Introduction: Sex-based clinical outcome differences in sickle cell disease (SCD) remain largely unknown despite evidence that female sex is associated with an increased lifespan. To better characterize sex-based differences in SCD, we assessed pain, treatment characteristics, laboratory measures and complications among males and females currently enrolled in the Sickle Cell Disease Implementation Consortium (SCDIC) registry.
Methods: The SCDIC consists of eight comprehensive SCD centers and one data coordinating center that received funding from the National Heart Lung and Blood Institute to improve outcomes for individuals with SCD. Eligibility criteria included: 15 to 45 years of age and a confirmed diagnosis of SCD. Self-report surveys were completed and data were also abstracted from the participants' medical records.
Results: A total of 2,124 participants were included (mean age: 27.8 years; 56% female). The majority had hemoglobin SS SCD genotype. Females had worse reports of pain severity (mean (SD) T-score 51.6 (9.6) vs 49.3 (10), p<0.001), more vaso-occlusive episodes (p = 0.01) and a higher occurrence of 3 or more hospital admissions in the past year (30.9% vs. 25.5, p = 0.03). On multivariable analysis, males had higher odds of acute chest syndrome (odds ratio (OR) 1.4, p = 0.002), cardiovascular (OR 1.70, p<0.001) and musculoskeletal (OR 1.33, p = 0.0034) complications and lower odds of depression (OR 0.77, p = 0.0381). Females had higher fetal hemoglobin levels with and without hydroxyurea use (9.6% vs 8.5%, p = 0.03 and 3% vs 2.2%, p = 0.0005, respectively).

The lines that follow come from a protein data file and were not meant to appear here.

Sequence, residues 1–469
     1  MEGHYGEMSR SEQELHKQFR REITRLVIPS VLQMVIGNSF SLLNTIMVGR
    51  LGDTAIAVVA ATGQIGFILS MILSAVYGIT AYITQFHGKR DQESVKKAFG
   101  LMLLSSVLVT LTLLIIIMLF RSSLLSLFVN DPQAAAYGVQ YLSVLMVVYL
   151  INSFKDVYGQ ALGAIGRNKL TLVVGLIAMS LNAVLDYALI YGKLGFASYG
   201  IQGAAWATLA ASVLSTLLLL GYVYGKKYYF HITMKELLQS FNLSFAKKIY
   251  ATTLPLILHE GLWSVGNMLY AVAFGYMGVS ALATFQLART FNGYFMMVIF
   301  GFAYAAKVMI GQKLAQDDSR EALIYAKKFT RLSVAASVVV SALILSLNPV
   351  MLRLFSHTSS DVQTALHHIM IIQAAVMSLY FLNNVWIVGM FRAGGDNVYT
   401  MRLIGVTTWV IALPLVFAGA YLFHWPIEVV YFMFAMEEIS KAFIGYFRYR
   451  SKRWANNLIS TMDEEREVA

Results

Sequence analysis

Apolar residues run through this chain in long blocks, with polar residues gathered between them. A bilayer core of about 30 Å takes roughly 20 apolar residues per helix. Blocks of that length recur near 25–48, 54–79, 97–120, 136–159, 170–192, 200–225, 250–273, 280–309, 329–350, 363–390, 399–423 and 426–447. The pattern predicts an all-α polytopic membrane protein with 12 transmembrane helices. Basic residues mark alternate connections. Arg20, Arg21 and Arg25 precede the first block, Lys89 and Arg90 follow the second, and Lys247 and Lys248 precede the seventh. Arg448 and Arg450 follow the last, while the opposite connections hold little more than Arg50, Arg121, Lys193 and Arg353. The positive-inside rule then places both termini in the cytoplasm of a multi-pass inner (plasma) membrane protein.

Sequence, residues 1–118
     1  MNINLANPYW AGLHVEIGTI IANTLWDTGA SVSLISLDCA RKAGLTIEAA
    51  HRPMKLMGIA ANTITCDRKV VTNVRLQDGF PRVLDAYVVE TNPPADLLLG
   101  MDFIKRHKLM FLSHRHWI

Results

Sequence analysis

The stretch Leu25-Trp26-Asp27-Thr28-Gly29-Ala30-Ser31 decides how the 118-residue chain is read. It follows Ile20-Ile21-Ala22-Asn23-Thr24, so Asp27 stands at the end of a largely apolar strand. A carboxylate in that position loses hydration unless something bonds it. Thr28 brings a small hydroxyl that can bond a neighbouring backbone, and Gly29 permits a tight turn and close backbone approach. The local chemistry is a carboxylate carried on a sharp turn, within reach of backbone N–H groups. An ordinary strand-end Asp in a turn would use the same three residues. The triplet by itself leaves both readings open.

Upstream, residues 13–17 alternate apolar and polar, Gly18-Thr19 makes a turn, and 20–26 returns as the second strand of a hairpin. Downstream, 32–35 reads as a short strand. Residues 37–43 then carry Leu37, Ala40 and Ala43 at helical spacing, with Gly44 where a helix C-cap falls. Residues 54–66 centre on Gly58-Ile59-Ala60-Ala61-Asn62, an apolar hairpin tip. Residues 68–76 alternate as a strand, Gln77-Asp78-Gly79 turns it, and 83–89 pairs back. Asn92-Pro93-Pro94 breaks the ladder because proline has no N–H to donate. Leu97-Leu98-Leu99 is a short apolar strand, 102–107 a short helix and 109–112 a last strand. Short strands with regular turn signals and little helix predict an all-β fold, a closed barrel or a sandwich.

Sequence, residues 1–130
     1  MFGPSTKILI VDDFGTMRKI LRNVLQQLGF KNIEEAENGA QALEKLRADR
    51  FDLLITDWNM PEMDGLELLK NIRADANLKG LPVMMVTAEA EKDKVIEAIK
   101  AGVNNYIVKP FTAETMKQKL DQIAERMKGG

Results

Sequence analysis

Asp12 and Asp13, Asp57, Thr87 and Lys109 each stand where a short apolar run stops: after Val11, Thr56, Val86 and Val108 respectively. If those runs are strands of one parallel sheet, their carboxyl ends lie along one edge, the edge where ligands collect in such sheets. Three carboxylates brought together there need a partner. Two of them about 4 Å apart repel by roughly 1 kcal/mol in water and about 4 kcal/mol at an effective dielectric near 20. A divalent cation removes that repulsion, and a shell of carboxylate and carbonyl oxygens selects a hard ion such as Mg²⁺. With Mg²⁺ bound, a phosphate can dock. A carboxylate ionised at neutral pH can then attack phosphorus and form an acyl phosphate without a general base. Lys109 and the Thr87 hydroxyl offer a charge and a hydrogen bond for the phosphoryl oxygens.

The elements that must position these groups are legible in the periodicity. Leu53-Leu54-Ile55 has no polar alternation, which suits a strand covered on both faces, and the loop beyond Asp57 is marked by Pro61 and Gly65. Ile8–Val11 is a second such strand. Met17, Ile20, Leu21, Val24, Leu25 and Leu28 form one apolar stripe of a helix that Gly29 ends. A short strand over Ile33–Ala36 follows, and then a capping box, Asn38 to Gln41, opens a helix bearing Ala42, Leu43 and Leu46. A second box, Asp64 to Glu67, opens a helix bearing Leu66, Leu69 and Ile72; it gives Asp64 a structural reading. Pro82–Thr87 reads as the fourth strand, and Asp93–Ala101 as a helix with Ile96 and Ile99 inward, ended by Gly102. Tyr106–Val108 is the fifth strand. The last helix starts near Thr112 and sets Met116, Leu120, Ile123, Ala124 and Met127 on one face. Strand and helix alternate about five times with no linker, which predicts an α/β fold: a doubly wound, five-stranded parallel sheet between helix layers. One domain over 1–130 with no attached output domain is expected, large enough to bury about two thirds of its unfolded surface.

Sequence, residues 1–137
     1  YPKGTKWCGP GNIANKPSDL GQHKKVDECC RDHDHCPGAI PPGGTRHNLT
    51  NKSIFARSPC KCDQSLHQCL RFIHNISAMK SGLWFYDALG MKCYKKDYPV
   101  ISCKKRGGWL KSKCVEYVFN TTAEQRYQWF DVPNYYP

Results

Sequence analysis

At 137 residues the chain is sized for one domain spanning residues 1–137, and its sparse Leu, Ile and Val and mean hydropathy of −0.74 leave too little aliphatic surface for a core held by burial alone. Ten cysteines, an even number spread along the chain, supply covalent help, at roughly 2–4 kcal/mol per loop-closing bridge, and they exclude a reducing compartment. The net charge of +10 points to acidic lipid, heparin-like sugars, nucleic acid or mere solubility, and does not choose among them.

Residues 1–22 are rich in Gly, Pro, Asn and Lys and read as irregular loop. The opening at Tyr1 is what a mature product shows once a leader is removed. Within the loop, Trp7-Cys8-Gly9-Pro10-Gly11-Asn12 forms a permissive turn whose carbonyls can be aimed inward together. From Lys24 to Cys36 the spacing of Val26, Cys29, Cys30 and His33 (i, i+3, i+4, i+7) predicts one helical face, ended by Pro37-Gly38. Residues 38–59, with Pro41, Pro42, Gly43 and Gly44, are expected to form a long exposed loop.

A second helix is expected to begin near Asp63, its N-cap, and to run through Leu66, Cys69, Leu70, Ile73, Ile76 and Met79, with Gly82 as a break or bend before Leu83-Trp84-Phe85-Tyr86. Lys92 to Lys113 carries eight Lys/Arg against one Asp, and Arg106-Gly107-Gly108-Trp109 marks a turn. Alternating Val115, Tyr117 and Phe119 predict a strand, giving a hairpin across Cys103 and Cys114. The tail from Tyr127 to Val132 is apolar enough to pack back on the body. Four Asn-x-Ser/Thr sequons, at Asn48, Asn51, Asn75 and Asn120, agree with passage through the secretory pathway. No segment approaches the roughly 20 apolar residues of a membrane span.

Conclusion: Our data suggests that sex differences in clinical outcomes do occur among individuals with SCD. Future research needs to explore the mechanisms underlying these differences.